3. U.S. Supreme Court Agrees to Hear Case Surrounding Students with Disabilities
Last week, the U.S. Supreme Court agreed to hear a case stemming from a school district’s denial of services to a deaf child that could lead to significant changes in lawsuits against school districts on behalf of children with disabilities.
The Perez family in 2017 filed a due-process complaint with the Michigan Department of Education based on the IDEA, the ADA, and other statutes. The school district offered to settle the IDEA complaint, and the family agreed. The settlement agreement included the district agreeing to place Perez in the Michigan School for the Deaf and pay for postsecondary compensatory education and sign-language services. Following the agreement, he family then sued the district in federal district court under the ADA, seeking unspecified money damages among other relief. The school district argued that the Perez family could not file the suit because they had not exhausted all administrative proceedings under IDEA- and the U.S. Court of Appeals for the 6th Circuit agreed with the district. The Perez family then appealed and the U.S. solicitor general recommended the court grant review.
The case raises two questions the first is whether the Individuals with Disabilities Education Act requires families who have settled their particular IDEA claims with a school district to “exhaust” all administrative proceedings under the that law before filing a claim under the Americans with Disabilities Act of 1990. The second is whether a family must exhaust IDEA’s own administrative proceedings when it is pursuing a non-IDEA claim for money damages under the ADA or other federal disability laws.
Arguments in the case will likely be held early in 2023, with a decision expected by next June.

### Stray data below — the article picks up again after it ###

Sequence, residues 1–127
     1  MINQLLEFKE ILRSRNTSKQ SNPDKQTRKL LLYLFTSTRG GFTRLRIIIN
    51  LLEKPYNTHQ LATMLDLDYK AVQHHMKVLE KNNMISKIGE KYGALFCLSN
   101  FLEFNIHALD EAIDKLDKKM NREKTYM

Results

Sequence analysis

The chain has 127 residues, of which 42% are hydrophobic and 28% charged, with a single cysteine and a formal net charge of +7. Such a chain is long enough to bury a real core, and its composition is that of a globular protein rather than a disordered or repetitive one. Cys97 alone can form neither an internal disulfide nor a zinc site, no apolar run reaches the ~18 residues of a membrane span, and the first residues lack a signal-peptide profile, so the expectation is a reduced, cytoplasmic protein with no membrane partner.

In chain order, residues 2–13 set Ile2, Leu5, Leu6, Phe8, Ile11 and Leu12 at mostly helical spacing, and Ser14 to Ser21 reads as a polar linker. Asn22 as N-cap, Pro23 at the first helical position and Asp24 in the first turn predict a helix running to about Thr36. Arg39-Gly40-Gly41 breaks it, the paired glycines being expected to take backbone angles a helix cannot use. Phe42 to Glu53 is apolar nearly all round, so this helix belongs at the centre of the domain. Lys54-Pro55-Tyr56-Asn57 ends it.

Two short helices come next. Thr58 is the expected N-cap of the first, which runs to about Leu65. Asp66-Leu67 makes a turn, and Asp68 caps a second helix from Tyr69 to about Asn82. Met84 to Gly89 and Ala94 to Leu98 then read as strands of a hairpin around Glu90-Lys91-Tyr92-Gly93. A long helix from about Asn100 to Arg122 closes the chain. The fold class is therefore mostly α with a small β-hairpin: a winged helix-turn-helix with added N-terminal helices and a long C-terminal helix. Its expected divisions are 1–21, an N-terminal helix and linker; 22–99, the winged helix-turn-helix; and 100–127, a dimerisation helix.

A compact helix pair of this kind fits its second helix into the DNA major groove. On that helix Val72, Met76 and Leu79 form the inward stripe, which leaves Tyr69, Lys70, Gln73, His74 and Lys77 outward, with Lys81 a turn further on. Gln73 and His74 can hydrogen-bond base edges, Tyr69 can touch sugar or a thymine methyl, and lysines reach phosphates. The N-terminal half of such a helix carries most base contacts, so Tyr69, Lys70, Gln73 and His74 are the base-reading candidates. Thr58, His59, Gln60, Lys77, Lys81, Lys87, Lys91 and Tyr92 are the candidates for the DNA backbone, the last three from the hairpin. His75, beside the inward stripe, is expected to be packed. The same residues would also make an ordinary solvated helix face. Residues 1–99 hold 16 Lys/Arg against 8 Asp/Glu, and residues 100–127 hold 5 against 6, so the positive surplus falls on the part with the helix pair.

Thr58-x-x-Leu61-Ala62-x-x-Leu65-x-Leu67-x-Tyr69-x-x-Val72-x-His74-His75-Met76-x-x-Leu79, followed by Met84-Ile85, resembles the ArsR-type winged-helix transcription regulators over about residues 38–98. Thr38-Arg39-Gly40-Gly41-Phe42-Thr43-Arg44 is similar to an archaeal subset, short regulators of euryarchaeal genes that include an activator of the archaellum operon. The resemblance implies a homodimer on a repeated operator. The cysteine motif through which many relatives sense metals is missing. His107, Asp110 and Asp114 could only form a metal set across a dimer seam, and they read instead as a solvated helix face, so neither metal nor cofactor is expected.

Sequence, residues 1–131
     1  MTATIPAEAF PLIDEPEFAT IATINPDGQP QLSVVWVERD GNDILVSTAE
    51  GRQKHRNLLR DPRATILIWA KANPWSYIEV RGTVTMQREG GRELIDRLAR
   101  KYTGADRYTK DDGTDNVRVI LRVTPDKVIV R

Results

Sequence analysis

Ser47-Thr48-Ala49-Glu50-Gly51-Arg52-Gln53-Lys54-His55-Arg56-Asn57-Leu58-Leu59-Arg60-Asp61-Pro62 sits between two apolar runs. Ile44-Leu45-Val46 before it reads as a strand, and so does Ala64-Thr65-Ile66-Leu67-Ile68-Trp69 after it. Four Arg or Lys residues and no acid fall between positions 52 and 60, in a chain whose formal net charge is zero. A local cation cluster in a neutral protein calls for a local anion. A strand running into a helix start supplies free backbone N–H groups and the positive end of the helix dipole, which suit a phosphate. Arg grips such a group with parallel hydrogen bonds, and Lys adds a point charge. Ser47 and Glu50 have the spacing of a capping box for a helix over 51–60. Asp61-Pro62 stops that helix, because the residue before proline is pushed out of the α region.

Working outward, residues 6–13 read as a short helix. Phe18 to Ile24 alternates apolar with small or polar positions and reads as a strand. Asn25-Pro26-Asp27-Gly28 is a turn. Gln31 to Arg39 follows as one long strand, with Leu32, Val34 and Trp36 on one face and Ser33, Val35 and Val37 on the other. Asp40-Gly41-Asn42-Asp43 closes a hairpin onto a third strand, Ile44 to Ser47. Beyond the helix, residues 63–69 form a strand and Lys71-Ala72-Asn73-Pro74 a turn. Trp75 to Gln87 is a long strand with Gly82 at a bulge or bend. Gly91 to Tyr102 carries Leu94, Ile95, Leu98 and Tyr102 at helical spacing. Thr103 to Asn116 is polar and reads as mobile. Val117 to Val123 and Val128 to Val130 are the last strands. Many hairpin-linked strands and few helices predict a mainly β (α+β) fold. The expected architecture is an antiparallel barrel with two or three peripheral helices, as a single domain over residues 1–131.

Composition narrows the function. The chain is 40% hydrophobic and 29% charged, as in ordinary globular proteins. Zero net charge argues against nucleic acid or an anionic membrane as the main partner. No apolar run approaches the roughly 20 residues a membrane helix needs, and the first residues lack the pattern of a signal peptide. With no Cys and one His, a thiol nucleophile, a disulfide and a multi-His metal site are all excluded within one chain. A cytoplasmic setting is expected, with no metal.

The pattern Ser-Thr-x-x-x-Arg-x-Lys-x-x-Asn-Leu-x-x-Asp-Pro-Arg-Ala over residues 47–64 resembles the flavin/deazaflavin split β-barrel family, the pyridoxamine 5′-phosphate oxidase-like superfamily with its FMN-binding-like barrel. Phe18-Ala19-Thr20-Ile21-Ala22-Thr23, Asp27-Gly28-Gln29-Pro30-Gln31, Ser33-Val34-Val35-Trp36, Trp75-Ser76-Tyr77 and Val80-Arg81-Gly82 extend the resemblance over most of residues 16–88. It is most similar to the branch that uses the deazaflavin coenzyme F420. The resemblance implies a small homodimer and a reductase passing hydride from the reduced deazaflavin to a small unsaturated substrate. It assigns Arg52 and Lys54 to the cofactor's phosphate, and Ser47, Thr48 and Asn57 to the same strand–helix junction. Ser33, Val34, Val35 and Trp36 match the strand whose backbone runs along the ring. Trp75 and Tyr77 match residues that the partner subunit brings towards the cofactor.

4. AACTE Webinar: The State of Education Censorship in Institutions of Higher Education an Implications for the Field.
On October 25th AACTE will host a public webinar based on the findings of new report : The State of Education Censorship in Institutions of Higher Education an Implications for the Field. AACTE President and CEO Lynn M. Gangone will moderate the session as Dr. Ashley White, author of the report; and Dr. Kimber Wilkerson, associate dean for teacher education at the University of Wisconsin-Madison School of Education, will lead the audience in deep dive conversations about challenges facing faculty, educator preparation faculty specifically; as well as potential long-term effects this crisis could have on teacher shortages and diversification pipeline efforts. You can read more about the webinar and register here.
5. In the States: Shortage Showcase: North Carolina Teacher Shortage
According to data from the North Carolina School Superintendents’ Association (NCSSA), North Carolina’s public schools started the year with at least 4,469 teacher vacancies. The same NCSSA survey reports that the number of teachers on provisional emergency licenses has nearly doubled, increasing from 1,942 to 3,618. North Carolina’s Justice Center’s Education and Law Project highlighted decisions from the North Carolina state General Assembly as one of the primary causes of the shortage- specifically noting that the state’s “attack” on educators is reflected in teacher salaries across the state . As reported in NC Policy Watch, North Carolina teachers’ salaries are 19% below the national average.
6. New Resources for Educators
- The Learning Policy Institute released a new report; Pushed Out: Trends and Disparities in Out-of-School Suspension.
- ACT released the class of 2022’s college entrance exam data with the average composite score on the ACT coming in at 19.8, marking the lowest average score in more than three decades.
Wishing you all a fantastic, fall weekend.
Until next time, see you on Twitter!